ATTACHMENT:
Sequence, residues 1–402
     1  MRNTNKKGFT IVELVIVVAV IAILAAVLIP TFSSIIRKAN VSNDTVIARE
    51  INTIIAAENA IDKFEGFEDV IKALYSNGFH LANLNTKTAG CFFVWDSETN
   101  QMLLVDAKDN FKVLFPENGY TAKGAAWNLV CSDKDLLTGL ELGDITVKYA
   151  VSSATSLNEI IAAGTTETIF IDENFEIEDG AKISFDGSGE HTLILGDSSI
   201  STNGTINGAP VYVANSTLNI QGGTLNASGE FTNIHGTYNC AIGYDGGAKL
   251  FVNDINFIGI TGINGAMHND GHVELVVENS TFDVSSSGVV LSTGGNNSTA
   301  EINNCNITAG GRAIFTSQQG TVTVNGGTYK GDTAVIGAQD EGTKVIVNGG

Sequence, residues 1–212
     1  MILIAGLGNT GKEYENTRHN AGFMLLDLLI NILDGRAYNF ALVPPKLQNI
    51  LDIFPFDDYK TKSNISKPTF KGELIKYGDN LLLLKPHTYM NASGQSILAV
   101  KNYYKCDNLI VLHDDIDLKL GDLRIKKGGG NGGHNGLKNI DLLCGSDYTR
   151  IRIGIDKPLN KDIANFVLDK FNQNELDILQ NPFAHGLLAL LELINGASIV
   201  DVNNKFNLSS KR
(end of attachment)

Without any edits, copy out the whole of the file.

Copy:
Sequence, residues 1–402
     1  MRNTNKKGFT IVELVIVVAV IAILAAVLIP TFSSIIRKAN VSNDTVIARE
    51  INTIIAAENA IDKFEGFEDV IKALYSNGFH LANLNTKTAG CFFVWDSETN
   101  QMLLVDAKDN FKVLFPENGY TAKGAAWNLV CSDKDLLTGL ELGDITVKYA
   151  VSSATSLNEI IAAGTTETIF IDENFEIEDG AKISFDGSGE HTLILGDSSI
   201  STNGTINGAP VYVANSTLNI QGGTLNASGE FTNIHGTYNC AIGYDGGAKL
   251  FVNDINFIGI TGINGAMHND GHVELVVENS TFDVSSSGVV LSTGGNNSTA
   301  EINNCNITAG GRAIFTSQQG TVTVNGGTYK GDTAVIGAQD EGTKVIVNGG

Sequence, residues 1–212
     1  MILIAGLGNT GKEYENTRHN AGFMLLDLLI NILDGRAYNF ALVPPKLQNI
    51  LDIFPFDDYK TKSNISKPTF KGELIKYGDN LLLLKPHTYM NASGQSILAV
   101  KNYYKCDNLI VLHDDIDLKL GDLRIKKGGG NGGHNGLKNI DLLCGSDYTR
   151  IRIGIDKPLN KDIANFVLDK FNQNELDILQ NPFAHGLLAL LELINGASIV
   201  DVNNKFNLSS KR